$$ \begin{aligned} \eta_{1} &= \left(2^{\frac{2\bar{r}_{1}}{W}}-1\right)L_{1,i}L_{2,i}^{2}\left(\varphi_{2}+1\right) \left({\phantom{\frac{}{}}}\varphi_{3}\delta_{2}\right.\\ &\quad\left.+\left(2^{\frac{2\bar{r}_{2}}{W}}-1\right)\varphi_{4}\varphi_{6}\left(\theta_{1}+1 \right)\right),\\ \eta_{2} &=L_{2,i}\left(2^{\frac{2\bar{r}_{1}}{W}}\,-\,1\right) \left[\left(2^{\frac{2\bar{r}_{2}}{W}}-1\right) L_{2,i}\varphi_{6}\left(\varphi_{2}+1\right)\varphi_{3}/\sigma_{e_{2}}^{2} \right.\\ &\left.\quad +L_{1,i}\delta_{2}\varphi_{4}/\sigma_{e_{1}}^{2}{\phantom{\frac{}{}}}\right],\\ \eta_{3} &= \left(2^{\frac{2\bar{r}_{2}}{W}}-1\right)L_{2,i}L_{1,i}^{2}(\theta_{1}+1) \left({\phantom{\frac{}{}}}\varphi_{4}\delta_{1}\right.\\ &\left.\quad+\left(2^{\frac{2\bar{r}_{1}}{W}}-1\right)\varphi_{3}\varphi_{5}\left(\varphi_{2}+1 \right)\right),\\ \eta_{4} &=L_{1,i}\left(2^{\frac{2\bar{r}_{2}}{W}}-1\right) \left[\left(2^{\frac{2\bar{r}_{1}}{W}}-1\right) L_{1,i}\varphi_{5}(\theta_{1}+1)\varphi_{4}/\sigma_{e_{1}}^{2} \right.\\ &\left.\quad+L_{2,i}\delta_{1}\varphi_{3}/\sigma_{e_{2}}^{2}{\phantom{\frac{}{}}}\right],\\ \delta_{1} &= \varphi_{1}\varphi_{2}-\left(\varphi_{1}+\varphi_{2}+1\right)\left(2^{\frac{2\bar{r}_{1}}{W}}-1\right),\\ \delta_{2} &= \theta_{1}\theta_{2}-\left(\theta_{1}+\theta_{2}+1\right)\left(2^{\frac{2\bar{r}_{2}}{W}}-1\right),\\ \delta_{3} &= \left(2^{\frac{2\bar{r}_{1}}{W}}-1\right)\left(2^{\frac{2\bar{r}_{2}}{W}}-1\right)\varphi_{5} \varphi_{6} (\theta_{1}+1)(\varphi_{2}+1).\\ \end{aligned} $$
(20)
The transmit power of RN i can be expressed as in (21), where [.]+= max{0,[.]}. We can notice that the power allocation at data nodes and RN depend on the estimation error \(\sigma _{e_{1}}^{2}\) and \(\sigma _{e_{2}}^{2}\).
$$ \begin{aligned} P_{r,i}^{n} &= \left[\left({\beta_{i}^{n}}\right)2 \left[L_{1,i} \left(\left| \hat{h}_{1,i}^{m} \right|^{2}+ \sigma_{e_{1}}^{2} \right) P_{s,1}^{m}\right.\right.\\ & \left.\left.\quad+\ L_{2,i} \left(\left| \hat{h}_{2,i}^{m} \right|^{2}+ \sigma_{e_{2}}^{2} \right) P_{s,2}^{m} + {\sigma_{w}^{2}} \right]\right]^{+}. \end{aligned} $$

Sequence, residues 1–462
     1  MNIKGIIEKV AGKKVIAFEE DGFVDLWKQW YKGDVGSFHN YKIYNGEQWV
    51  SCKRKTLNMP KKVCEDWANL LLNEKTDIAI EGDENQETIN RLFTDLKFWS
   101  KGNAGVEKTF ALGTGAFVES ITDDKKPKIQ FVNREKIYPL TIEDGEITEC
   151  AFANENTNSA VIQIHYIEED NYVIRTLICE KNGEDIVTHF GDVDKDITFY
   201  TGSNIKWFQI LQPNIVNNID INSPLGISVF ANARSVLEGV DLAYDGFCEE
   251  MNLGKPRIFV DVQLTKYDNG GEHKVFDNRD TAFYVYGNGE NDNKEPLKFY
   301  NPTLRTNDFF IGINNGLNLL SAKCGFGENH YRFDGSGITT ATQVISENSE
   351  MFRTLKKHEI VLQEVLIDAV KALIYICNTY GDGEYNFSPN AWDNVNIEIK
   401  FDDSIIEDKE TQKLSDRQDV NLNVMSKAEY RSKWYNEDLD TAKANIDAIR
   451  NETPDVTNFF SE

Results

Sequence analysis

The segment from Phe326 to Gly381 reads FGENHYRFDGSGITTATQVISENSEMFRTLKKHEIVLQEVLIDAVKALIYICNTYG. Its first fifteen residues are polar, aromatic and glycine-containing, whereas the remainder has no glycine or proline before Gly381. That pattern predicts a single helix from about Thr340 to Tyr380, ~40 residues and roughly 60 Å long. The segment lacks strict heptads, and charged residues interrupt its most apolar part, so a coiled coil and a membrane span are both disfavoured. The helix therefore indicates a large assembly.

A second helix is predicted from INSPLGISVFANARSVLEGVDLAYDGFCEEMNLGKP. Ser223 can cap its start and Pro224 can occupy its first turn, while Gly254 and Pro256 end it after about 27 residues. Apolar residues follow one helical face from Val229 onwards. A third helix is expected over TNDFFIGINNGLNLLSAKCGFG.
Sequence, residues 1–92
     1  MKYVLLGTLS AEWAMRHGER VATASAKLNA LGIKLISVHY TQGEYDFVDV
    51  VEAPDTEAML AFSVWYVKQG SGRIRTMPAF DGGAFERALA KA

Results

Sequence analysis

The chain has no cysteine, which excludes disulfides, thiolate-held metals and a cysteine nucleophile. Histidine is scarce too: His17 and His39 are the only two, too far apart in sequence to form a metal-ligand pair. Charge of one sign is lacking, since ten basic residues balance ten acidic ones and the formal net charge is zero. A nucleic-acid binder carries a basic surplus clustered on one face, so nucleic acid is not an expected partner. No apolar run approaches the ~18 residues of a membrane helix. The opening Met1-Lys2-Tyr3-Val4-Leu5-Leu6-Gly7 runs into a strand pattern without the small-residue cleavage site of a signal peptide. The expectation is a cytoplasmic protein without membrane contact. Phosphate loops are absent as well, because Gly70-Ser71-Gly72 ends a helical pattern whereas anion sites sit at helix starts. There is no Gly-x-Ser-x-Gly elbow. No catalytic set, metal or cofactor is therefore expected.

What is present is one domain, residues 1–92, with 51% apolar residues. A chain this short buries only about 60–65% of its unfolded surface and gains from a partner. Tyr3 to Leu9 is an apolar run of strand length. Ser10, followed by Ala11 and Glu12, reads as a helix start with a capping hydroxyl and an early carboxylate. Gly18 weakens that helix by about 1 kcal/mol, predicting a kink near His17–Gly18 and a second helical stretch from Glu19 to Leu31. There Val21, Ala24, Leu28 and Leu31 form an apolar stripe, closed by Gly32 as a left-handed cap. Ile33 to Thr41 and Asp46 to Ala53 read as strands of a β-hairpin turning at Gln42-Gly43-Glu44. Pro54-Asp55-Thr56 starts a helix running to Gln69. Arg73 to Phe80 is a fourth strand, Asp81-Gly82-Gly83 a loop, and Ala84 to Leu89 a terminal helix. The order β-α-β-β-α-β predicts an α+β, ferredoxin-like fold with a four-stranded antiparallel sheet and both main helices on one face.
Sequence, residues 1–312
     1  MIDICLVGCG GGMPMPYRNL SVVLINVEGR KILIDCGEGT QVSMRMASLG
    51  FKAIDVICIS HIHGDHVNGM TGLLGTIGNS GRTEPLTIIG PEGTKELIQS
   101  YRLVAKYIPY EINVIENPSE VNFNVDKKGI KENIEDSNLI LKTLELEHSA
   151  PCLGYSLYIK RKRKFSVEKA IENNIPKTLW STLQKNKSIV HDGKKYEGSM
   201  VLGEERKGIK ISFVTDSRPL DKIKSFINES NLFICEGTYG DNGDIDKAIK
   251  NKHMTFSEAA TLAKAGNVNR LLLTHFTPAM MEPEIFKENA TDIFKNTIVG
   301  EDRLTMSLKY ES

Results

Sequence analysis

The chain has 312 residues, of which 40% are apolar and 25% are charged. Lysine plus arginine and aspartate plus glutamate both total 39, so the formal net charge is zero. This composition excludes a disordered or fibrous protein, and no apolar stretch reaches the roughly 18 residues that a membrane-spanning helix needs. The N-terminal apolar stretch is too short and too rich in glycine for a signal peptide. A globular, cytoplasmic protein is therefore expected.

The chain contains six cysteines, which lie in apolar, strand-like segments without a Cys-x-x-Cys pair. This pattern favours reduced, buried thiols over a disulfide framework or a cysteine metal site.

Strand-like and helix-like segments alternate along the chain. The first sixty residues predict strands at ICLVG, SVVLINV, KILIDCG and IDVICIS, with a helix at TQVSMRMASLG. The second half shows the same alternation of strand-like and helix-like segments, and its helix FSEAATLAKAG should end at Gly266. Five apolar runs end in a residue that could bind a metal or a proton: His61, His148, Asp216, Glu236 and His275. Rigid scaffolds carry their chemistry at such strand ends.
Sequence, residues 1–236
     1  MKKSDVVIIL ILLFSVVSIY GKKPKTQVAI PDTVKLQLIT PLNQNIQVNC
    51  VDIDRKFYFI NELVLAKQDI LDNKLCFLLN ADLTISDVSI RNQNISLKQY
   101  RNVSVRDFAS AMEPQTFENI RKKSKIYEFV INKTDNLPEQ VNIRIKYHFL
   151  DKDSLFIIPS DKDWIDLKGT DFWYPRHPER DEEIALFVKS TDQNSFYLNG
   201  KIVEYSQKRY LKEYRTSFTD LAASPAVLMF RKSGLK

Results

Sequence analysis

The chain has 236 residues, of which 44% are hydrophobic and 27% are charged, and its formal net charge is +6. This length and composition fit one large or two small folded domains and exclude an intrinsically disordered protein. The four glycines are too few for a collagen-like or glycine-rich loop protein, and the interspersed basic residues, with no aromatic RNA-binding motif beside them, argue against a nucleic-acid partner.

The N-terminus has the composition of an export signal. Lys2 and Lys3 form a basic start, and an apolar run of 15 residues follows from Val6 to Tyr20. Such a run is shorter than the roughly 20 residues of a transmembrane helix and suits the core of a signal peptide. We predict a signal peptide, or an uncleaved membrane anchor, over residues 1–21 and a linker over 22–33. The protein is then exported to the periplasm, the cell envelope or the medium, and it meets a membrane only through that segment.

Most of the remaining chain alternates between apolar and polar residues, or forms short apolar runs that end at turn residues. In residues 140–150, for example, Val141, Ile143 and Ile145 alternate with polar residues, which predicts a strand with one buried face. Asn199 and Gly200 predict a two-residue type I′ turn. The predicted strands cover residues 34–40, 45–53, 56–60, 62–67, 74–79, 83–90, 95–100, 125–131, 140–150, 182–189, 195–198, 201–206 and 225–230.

(21)
If relay R N i participates in the transmission, it is observed that at least one subcarrier pair should be assigned to relay node R N i . Therefore, the subcarrier pairing and relay selection have a certain relationship when proper RN is selected, i.e.
$$ \rho_{i}^{m,n} = \omega_{i} \rho^{m,n}, $$
(22)
\(\rho _{i}^{m,n}=1\) shows that subcarrier pair (m,n) is assigned to the relay R N i . Hence, relay selection indicator is able to be removed, and modified subcarrier pairing indicator can be used for simplicity. The problem can be simplified as
$$ \min_{{\beta_{i}^{n}}, \rho_{i}^{m,n} \forall i} \bar{P} \left(\boldsymbol{\beta}^{n}, \boldsymbol{\rho}^{m,n}\right) $$
(23)
subject to
$$ \boldsymbol{\beta}^{n} \geq 0, \boldsymbol{\rho}^{m,n} \in \{0,1\} $$
(24)
\(\boldsymbol {\beta }^{n}= \left [{\beta _{1}^{n}}, {\beta _{2}^{n}},\ldots,{\beta _{K}^{n}} \right ]\), \(\boldsymbol {\rho }^{m,n} = \left [\rho _{1}^{m,n}, \rho _{2}^{m,n},\ldots,\rho _{K}^{m,n}\right ]\). By substituting (18), (19),and (22) into (16), we can obtain \( \bar {P} \left (\boldsymbol {\beta }^{n}, \boldsymbol {\rho }^{m,n}\right)\) as
$$ \bar{P} \left(\boldsymbol{\beta}^{n}, \boldsymbol{\rho}^{m,n}\right) \,=\, \xi_{1} P_{s,1}^{m} \,+\, \xi_{2} P_{s,2}^{m} \,+\, {\sum\limits_{i=1}^{K}} \rho_{i}^{m,n} \left({\beta_{i}^{n}}\right)^{2} {\sigma_{w}^{2}} $$
(25)
where α 1 and α 2 can be expressed as follows:
$$ \begin{aligned} \xi_{1} &= 1+ {\sum\limits_{i=1}^{K}} \,\rho_{i}^{m,n} \left({\beta_{i}^{n}}\right)^{2}L_{1,i}\left(\left| \hat{h}_{1,i}^{m} \right|^{2} +\sigma_{e_{1}}^{2} \right) \\ \xi_{2} &= 1+ {\sum\limits_{i=1}^{K}} \,\rho_{i}^{m,n} \left({\beta_{i}^{n}}\right)^{2}L_{2,i}\left(\left| \hat{h}_{2,i}^{m} \right|^{2} + \sigma_{e_{2}}^{2}\right) \\ \end{aligned} $$
(26)

To this end, we have simplified the original optimization problem with K(2N+1)+2N variables to the subproblem only containing 2K variables. If problem (23) is solvable, we can reach the expressions of transmit power of data nodes and RN on subcarrier pair (m,n). Then, the transmit power on other subcarrier pairs can be obtained in the same way, and the total power consumption can be achieved by the summation of the transmit power consumption on all subcarrier pairs.